If you want to get into the water, you’ll see an amazing range of sea life; but if you just want to wander, you’ll still find plenty to see (some fish are so people friendly, they’ll take food from your hands).

Stop 4: It’s tempting to save time by driving around Whangarei (a city of 50,000+ population), but if you fancy lunch or a stretch of the legs, follow the signs to the Quay area.

There you’ll find an interesting collection of tourist shops and cafes, and the local information centre which has everything you need to know about what’s happening in the city and surrounding area.

Whangarei is often omitted from the “must see” itineraries in tourism guides but the city can surprise – and it’s an excellent base for those who want to explore the hundreds of nearby beaches and islands.

Stop 5: The entrance to the Bay of Islands is a small town called Kawakawa. It’s worth pulling over for a toilet stop – whether your bladder needs it or not.

The town boasts the most photographed toilets in New Zealand.

Designed by famed Austrian architect Frederick Hundertwasser, the toilets are a piece of art and it may be a while before you get another chance to buy a postcard celebrating the existence of a public loo.


20 Top Things to Do in the North Island

8 Reasons to visit the Bay of Islands

Blog: Meditating at the Kawakawa toilets

Blog: A loo with a view

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Whangarei – the city that’s come of age

For many years, I considered Whangarei to be the city you drove past when travelling between Auckland and the Bay of Islands.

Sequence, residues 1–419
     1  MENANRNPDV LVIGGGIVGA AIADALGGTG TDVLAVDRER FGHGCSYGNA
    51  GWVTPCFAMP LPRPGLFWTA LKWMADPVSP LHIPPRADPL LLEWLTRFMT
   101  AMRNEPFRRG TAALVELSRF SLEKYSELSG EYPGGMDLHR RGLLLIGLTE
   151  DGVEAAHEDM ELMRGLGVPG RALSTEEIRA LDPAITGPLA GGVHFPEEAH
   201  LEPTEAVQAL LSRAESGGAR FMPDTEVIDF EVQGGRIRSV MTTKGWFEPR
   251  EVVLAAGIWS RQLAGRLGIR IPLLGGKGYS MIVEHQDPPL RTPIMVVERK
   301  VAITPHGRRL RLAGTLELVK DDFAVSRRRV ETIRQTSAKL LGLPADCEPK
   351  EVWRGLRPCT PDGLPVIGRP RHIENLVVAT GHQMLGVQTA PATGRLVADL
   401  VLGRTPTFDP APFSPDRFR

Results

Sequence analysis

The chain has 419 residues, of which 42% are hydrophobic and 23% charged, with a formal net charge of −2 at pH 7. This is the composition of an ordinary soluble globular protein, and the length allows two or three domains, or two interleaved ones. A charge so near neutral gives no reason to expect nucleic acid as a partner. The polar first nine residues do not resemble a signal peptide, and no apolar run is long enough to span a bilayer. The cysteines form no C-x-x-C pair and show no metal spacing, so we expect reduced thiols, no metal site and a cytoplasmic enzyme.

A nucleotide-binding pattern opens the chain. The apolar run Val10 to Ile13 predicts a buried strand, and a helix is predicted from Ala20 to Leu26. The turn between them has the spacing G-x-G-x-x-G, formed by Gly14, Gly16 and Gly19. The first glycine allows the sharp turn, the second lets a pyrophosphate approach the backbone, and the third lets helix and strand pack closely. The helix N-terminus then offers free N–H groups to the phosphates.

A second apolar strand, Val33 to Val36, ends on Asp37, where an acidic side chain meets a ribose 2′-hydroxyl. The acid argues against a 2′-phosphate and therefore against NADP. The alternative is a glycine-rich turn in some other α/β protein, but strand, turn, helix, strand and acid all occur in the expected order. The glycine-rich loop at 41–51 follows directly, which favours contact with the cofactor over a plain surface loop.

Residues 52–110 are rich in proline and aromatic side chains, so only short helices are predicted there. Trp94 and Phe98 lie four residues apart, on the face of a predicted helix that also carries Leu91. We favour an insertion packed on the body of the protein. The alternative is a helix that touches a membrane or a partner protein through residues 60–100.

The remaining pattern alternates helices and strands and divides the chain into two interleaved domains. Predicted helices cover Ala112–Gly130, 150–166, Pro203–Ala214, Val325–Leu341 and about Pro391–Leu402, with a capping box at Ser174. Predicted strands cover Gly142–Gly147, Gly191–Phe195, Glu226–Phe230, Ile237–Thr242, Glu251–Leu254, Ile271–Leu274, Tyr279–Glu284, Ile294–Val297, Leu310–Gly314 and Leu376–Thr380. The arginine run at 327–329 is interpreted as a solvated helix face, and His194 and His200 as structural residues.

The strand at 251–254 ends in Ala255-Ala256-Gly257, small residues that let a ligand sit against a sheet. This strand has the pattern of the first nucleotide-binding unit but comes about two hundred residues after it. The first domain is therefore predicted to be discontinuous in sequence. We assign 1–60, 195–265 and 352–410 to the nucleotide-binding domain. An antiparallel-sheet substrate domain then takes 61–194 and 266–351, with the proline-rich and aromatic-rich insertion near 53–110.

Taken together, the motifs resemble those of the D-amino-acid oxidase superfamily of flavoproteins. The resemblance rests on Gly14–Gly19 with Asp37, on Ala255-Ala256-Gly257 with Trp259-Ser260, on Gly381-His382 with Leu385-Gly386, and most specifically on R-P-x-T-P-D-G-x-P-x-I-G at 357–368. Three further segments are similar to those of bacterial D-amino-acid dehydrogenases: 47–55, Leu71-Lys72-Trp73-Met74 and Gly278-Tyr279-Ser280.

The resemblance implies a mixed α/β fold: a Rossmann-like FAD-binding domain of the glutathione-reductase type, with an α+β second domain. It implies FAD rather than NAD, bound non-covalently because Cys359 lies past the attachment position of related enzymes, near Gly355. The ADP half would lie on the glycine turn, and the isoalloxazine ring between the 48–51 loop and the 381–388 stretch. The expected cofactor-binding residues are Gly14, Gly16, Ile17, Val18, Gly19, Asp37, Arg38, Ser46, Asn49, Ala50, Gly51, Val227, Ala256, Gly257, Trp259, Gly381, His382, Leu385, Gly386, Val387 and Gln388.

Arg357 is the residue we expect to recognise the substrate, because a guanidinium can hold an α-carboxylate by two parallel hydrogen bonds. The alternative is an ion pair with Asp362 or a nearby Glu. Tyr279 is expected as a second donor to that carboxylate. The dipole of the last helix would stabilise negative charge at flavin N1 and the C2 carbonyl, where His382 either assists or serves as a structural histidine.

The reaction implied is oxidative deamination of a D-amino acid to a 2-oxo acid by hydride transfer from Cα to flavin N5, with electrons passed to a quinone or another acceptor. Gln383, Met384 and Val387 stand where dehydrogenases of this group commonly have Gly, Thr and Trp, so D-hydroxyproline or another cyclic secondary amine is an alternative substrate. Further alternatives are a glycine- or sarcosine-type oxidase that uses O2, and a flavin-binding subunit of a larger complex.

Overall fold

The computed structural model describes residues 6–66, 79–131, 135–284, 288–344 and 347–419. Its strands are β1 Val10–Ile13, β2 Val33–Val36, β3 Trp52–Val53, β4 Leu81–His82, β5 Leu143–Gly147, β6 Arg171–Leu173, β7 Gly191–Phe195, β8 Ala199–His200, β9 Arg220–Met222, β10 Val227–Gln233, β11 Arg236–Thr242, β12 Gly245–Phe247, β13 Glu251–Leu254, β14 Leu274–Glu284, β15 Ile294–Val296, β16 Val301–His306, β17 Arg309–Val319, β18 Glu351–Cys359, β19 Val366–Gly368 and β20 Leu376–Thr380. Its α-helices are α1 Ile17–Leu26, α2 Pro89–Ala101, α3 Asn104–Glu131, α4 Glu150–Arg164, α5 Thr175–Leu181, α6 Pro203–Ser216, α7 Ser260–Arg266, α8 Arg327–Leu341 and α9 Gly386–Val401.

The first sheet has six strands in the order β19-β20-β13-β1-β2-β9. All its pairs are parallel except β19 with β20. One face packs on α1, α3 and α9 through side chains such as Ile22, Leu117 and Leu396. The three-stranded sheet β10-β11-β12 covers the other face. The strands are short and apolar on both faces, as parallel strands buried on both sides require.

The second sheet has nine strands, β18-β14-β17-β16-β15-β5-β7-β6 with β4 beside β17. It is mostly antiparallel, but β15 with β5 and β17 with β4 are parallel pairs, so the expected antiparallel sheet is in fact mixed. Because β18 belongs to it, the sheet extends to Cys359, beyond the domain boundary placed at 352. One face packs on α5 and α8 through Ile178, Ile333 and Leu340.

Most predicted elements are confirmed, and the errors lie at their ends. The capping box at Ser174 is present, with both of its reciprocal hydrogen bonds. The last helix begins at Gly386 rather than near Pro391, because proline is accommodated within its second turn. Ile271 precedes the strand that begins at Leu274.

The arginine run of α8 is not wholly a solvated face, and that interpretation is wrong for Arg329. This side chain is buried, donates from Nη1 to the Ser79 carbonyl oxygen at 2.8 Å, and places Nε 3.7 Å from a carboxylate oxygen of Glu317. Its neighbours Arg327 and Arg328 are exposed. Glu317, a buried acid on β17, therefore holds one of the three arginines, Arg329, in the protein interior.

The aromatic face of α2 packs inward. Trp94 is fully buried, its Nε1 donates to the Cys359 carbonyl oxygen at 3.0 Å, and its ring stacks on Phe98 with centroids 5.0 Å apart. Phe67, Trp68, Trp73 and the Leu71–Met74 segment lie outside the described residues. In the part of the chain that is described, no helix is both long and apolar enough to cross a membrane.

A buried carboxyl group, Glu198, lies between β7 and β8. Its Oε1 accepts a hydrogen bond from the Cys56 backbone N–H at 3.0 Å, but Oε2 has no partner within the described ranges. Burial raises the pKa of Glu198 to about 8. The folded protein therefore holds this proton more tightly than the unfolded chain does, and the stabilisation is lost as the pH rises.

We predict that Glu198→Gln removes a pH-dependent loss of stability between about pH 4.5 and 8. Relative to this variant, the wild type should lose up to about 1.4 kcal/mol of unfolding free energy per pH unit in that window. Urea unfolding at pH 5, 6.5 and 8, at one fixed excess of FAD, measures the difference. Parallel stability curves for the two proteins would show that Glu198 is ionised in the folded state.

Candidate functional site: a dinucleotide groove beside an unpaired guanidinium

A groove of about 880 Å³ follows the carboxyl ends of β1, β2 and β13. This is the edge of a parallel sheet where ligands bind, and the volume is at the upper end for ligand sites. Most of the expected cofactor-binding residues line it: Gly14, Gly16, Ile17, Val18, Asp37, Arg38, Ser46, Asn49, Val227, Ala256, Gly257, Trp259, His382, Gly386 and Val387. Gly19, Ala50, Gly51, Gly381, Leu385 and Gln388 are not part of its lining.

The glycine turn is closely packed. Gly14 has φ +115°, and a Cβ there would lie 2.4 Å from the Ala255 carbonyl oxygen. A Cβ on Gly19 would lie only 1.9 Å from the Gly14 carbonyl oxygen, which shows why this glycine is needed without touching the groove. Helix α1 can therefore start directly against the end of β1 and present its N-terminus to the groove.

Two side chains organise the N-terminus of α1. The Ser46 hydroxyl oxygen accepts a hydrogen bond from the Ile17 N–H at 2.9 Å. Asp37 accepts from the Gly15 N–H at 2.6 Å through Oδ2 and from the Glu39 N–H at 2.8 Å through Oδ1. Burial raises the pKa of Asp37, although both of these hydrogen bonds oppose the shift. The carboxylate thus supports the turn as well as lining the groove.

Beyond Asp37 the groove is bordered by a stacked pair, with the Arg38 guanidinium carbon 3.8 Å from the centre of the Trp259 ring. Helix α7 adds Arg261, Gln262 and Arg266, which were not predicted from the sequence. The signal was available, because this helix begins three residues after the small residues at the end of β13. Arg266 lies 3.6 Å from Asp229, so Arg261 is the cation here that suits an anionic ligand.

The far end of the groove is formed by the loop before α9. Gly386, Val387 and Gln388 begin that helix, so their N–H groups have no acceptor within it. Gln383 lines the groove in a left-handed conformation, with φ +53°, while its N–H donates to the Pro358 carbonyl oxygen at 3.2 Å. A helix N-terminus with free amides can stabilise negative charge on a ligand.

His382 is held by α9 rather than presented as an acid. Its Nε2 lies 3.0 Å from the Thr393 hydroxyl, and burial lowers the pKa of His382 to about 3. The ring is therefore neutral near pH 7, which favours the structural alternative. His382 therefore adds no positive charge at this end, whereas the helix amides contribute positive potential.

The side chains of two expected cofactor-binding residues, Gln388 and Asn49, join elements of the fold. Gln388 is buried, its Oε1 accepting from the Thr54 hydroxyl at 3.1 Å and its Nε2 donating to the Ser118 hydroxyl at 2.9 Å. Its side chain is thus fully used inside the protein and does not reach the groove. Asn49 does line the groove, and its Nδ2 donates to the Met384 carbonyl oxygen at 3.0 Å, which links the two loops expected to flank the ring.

To stop for anything more than a toilet break was unthinkable.

There seemed to be nothing to do. And I’m confident my perception of Northland’s only city wasn’t unusual – I’d suggest it was a common view held by Kiwis, particularly those from Auckland.

But over the past 20 years, much has changed – in fact, my perception has completely changed.

This city of 50,000+ seems to be getting better all the time.

It’s attracting new residents (many from Auckland) who find the cheaper cost of living a boon, and employment is growing in white collar industries such as call centres and corporate service centres.

And the new residents are finding plenty to do.

The Quay area might not be on the scale of Auckland’s Viaduct precinct but it has a cluster of bars and eateries and offers a pleasant escape beside the city’s fleet of moored yachts.

The city has got used to staging biggish sports and cultural events, and there’s plenty of good value accommodation to turn an event into a weekend away.

If you’re into the outdoors, you can use Whangarei as the base to explore hundreds – yes, hundreds – of beaches within easy reach, enjoying some of the best spots for diving or fishing. The Tutukaka Coast is only half an hour away and has much to offer.

Whangarei has come of age and it’s certainly now worthy of at least an overnight stop, if not a longer visit.


20 Top Things to Do in the North Island

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5 top spots between Auckland and Rotorua

Many visitors to New Zealand typically spend a night or two in Auckland before heading south to visit Rotorua, arguably the country’s centre of Maori culture.

It’s an easy drive south (less than three hours) but provides a range of interesting stops along the way.

Here are five suggested stops:

Stop 1: If it’s summer and you fancy an ice cream, turn off at Pokeno (about 45 minutes south of central Auckland). This village has a couple of ice cream stores and a reputation that attracts tourist buses, sports teams and regular passers-by who can’t resist a lick.

You’re sure to be impressed by the range of flavours on offer and the variety of often-challenging cone variations (dare you to try the 21-scoop special!)